Space.com: NASA has long planned to mine water on the Moon to supply human colonies and future space exploration. Now the discovery of small amounts of water across much of the lunar surface has shifted that vision into fast-forward, with the US space agency pursuing several promising technologies.
A hydrogen reduction plant and lunar rover prospectors have already passed field tests on Hawaii’s volcanic soil, and more radical microwave technology is being evaluated.
“You can make back costs fairly quickly [within a year] compared to the launch costs of just throwing tanks of water and oxygen at the moon,” said Gerald Sanders, manager of NASA’s InSitu Resource Utilization Project.
Still, Sanders cautioned that there are big unknowns—how much water the Moon holds, where it is, and how deep will they have to excavate to get to it.
Nature News: An independent report has all but ruled out radioactive contamination from the experiments of physicist Ernest Rutherford as the source of a cluster of deaths at the University of Manchester, UK.
Manchester University deaths not linked to Rutherford radiation The Guardian
BBC News: Engineers hope an early warning system being installed at the Large Hadron Collider could prevent incidents of the kind that shut down the machine last year.
Physics Today: A team of engineers and artists working at the University of Washington’s Solheim Rapid Manufacturing Laboratory has developed a way to create glass objects using a conventional three-dimensional printer and “open-sourced” the technique so anyone can use it.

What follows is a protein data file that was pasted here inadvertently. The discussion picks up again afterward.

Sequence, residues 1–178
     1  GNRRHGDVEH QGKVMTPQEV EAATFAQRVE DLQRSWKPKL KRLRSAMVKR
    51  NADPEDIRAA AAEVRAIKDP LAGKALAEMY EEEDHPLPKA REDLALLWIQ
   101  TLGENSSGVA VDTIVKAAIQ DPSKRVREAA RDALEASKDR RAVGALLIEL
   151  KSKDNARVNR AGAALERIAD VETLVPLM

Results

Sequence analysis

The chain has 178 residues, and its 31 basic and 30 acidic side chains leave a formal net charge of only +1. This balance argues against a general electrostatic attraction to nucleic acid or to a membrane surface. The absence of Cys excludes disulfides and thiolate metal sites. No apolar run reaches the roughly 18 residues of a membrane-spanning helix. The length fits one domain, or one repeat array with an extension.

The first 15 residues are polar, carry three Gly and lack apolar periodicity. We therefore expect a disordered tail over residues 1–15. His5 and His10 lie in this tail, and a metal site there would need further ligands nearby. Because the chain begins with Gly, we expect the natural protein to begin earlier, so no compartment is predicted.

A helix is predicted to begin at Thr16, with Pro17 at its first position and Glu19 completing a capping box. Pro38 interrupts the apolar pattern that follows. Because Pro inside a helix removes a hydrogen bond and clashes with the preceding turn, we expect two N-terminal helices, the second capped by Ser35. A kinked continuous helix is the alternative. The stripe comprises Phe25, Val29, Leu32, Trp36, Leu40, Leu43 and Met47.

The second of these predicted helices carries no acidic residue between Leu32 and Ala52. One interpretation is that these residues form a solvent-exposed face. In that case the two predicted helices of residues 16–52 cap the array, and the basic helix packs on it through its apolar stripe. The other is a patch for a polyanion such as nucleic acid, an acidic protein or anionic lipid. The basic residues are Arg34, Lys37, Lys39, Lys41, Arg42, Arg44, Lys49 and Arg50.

The team’s method, which it named the Vitraglyphic process, is a follow-up to the Solheim Lab’s success last spring printing with ceramics. (See an example image on the right. Photo credit: University of Washington)
“It became clear that if we could get a material into powder form at about 20 microns we could print just about anything,” said UW professor Mark Ganter.
Three-dimensional printers are used as a cheap, fast way to build prototype parts. In a typical powder-based 3D printing system, a thin layer of powder is spread over a platform and software directs an inkjet printer to deposit droplets of binder solution only where needed. The binder reacts with the powder to bind the particles together and create a 3D object.
Glass powder doesn’t readily absorb liquid, however, so the approach developed for ceramic printing had to be radically altered.
By adjusting the ratio of powder to liquid the team found a way to build solid parts out of powdered glass that fused when heated to the right temperature.
Glass is a material that can be transparent or opaque, but is distinguished as an inorganic material (one which contains no carbon) that solidifies from a molten state without the molecules forming an ordered crystalline structure. As the glass molecules remain in a disordered state, the resulting object is technically a super-cooled liquid rather than a true solid.
“By publishing these recipes without proprietary claims, we hope to encourage further experimentation and innovation within artistic and design communities,” said UW associate professor Duane Storti.
Ronald Rael, an assistant professor of architecture at the University of California, Berkeley, has been working with the Solheim Lab to set up his own 3D printer. Rael is working on new kinds of ceramic bricks that can be used for evaporative cooling systems.